A century of expertise delivers state-of-art shaft conveyance
Northern Ontario-based mining supplier, Wabi Iron & Steel Corp., has recently designed and manufactured a unique mine shaft conveyance for an underground facility in the United States. Of major significance is the fact that this is the first conveyance worldwide to be fitted with an emergency braking system able to operate effectively with steel shaft guides. The system would arrest the uncontrolled fall of a cage in a vertical mine shaft.
In most North America mining jurisdictions, the relevant governing agencies require, with the suspension of shaft conveyances from a single hoist rope, the use of a safety arrest mechanism capable of both decelerating and also supporting a fully loaded conveyance in the event of rope severance. It is the deceleration performance requirement that has caused difficulties for conveyance manufacturers to comply with the request from mine designers for steel-guided shaft compartments.
Until now, commercially available arrest systems capable of operating with steel guides, were incapable of producing controlled deceleration rates during the arrest of free-falling shaft conveyances. Not only are these systems incapable of producing controlled deceleration rates, most are “instant-on” systems whereby an occupant inside a conveyance being arrested would be subjected to a ten-fold increase in gravitational force (10 g’s). Being saved from hitting the shaft bottom under such circumstances may not necessarily be beneficial to the conveyance occupants.
The emergency braking system supplied by Wabi is an optional extra feature provided by the Levelok holding system, which was originally developed to overcome the problems associated with cage movement caused by rope stretch when loading conveyances in deep vertical shafts.
This recently supplied shaft conveyance contained more than one unique feature. Aside from the Levelok emergency braking system, the system also provided conveyance-holding functions during the loading/unloading of the conveyance decks. The variable positioning of the two decks when aligning with the shaft station levels was easily addressed as the holding system is “conveyance-mounted”. This self-contained mounting greatly simplified shaft furnishings at the shaft station levels. The conveyance was equipped with vertical lift equipment doors that could be operated pneumatically from a remote location, or manually at the conveyance. The conveyance was arranged to permit holding functions and door opening/closing functions to occur from a remote location with no intervention from a person at the conveyance. The traditional hands-on approach for these functions was also possible via override features.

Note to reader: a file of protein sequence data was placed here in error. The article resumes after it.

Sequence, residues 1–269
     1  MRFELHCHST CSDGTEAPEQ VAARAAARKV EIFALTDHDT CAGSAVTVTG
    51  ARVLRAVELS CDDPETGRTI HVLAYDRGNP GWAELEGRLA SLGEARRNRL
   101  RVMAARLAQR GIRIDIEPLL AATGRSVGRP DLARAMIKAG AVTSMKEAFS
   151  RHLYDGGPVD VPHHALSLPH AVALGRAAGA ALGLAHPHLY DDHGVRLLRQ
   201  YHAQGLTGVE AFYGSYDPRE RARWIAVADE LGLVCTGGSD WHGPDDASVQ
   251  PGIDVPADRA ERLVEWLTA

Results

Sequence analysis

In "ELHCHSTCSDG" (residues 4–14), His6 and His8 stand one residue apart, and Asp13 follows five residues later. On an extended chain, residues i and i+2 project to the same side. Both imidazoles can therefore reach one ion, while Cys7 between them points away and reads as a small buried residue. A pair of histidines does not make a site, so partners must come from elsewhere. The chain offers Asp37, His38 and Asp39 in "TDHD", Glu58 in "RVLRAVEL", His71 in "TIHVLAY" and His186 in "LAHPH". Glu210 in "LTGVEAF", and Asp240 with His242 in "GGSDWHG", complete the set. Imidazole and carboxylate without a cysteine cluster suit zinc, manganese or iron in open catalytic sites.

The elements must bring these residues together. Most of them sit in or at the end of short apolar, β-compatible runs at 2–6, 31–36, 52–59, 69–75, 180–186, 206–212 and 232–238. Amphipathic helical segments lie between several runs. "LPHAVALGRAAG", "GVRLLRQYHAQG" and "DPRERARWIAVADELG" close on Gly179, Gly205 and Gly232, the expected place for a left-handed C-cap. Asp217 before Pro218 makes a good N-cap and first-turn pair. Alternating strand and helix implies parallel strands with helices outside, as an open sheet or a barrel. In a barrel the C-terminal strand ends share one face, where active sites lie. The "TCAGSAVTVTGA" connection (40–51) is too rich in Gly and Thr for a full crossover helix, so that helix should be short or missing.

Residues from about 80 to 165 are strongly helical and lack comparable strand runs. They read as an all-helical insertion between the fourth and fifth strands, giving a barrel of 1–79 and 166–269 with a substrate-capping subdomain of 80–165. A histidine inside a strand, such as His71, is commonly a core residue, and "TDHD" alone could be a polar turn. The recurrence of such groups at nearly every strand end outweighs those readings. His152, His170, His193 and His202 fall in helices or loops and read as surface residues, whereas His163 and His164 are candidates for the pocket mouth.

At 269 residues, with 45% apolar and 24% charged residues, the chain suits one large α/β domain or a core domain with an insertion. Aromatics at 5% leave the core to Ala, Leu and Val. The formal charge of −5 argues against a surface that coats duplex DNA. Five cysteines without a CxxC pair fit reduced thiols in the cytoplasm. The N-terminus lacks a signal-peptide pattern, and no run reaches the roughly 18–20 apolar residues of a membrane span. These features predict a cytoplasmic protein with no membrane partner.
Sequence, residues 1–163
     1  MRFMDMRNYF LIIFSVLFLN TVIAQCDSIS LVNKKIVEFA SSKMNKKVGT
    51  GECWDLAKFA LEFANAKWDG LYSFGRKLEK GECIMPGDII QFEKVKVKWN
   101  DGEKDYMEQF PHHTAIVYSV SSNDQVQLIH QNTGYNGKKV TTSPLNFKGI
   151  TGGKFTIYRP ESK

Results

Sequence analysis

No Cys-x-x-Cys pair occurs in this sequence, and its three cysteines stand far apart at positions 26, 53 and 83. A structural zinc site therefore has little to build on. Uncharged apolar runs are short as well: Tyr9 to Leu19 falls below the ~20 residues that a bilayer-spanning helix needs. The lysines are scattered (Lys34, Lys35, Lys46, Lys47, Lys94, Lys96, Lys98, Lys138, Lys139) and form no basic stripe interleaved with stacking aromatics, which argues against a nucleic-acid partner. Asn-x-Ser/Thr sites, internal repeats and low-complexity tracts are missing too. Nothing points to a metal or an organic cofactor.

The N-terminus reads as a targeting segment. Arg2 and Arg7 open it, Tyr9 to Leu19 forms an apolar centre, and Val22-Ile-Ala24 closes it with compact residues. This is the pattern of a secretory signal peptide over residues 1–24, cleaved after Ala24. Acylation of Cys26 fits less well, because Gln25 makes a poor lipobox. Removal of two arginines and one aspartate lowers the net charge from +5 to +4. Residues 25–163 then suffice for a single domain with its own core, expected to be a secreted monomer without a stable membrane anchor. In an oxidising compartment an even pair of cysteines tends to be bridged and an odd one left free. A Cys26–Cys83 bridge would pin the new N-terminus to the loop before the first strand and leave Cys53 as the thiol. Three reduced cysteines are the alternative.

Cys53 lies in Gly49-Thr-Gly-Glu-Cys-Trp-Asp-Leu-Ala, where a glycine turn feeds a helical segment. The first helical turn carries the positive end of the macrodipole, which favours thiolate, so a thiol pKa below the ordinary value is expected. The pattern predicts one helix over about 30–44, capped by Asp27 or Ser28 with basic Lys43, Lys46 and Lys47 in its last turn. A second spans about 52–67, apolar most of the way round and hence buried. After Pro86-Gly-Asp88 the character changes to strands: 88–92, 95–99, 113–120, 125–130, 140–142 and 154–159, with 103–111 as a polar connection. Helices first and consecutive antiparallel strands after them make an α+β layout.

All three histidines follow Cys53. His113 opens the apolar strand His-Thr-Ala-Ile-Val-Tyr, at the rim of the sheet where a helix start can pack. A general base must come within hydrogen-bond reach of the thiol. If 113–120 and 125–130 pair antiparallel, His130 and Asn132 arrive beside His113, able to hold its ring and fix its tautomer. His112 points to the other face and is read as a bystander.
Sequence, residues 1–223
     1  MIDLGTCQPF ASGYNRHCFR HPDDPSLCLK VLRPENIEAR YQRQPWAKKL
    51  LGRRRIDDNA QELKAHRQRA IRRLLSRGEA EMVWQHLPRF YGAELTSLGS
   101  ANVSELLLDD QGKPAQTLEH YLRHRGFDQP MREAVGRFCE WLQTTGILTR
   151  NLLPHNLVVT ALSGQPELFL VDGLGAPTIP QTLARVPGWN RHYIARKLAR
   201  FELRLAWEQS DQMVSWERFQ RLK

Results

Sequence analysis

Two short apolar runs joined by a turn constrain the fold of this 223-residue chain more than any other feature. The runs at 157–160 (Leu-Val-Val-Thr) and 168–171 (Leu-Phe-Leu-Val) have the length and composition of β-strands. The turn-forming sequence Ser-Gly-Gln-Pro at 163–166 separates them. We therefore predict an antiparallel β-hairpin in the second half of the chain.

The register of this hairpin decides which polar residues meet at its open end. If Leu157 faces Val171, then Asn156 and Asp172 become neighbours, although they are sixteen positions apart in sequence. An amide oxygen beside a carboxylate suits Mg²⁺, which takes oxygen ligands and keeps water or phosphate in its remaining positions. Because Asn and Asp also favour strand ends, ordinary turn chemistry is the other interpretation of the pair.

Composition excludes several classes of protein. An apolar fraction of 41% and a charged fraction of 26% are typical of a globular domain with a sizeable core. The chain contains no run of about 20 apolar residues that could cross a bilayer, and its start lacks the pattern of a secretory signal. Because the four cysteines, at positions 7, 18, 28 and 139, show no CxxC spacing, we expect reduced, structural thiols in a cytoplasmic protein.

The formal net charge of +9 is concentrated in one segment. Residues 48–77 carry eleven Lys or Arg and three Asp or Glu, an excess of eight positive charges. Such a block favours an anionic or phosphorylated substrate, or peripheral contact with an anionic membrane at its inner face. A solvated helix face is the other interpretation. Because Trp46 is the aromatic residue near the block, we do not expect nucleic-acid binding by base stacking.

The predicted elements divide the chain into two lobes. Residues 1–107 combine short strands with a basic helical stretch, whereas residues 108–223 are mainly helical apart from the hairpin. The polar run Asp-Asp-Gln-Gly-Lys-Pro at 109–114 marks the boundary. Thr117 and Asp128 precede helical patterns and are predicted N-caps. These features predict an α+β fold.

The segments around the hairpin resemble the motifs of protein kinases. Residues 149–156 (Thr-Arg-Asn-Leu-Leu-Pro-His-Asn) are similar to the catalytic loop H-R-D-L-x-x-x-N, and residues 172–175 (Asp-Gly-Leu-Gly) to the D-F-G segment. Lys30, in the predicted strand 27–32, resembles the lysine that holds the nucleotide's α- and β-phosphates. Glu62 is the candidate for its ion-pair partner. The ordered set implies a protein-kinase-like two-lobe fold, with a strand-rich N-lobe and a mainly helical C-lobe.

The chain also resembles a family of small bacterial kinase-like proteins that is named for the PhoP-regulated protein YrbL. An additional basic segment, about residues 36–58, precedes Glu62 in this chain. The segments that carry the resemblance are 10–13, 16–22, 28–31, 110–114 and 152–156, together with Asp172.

The manufacturer is three years short of celebrating its 100th birthday. “Wabi has thrived for the last 100 years because a culture of being in the forefront of technology is deeply entrenched in the company psyche,” comments general sales manager Steve Hill. Wabi currently exports around 40% of its sales to the United States.
“The system was originally developed in South Africa, where vertical shafts can be up to 3,000 m in depth,” comments Hill. Wabi is the exclusive North American distributor of this product. “By holding a conveyance in a shaft during loading or off-loading, both safety and productivity are increased,” Hill says. Systems have been developed for use with both cages and skips. “In addition to completely removing spillage caused by rope stretch with mine skips, case studies in South Africa have shown the system to contribute significantly to an improvement in rope life–in some cases around 25%,” he notes. These holding systems are being safely used on a daily basis in a number of Canadian and South African mines, and mines around the world.
With the introduction of the Levelok emergency braking system, design engineers can now be assured that an emergency braking system has become available for use with steel guides. This was not previously the case, so it was a restricting factor in designing vertical shafts with the more cost-effective steel guides.
“Deceleration rates provided by the Levelok system are superior to those provided by the traditional ‘safety dog’ used with timber guides,” Hill claims. “The original designs of the safety dogs date back to around 1948. One must seriously consider whether it is now time that the design and use of safety dogs be thoroughly investigated once more, for safety sake,” he comments.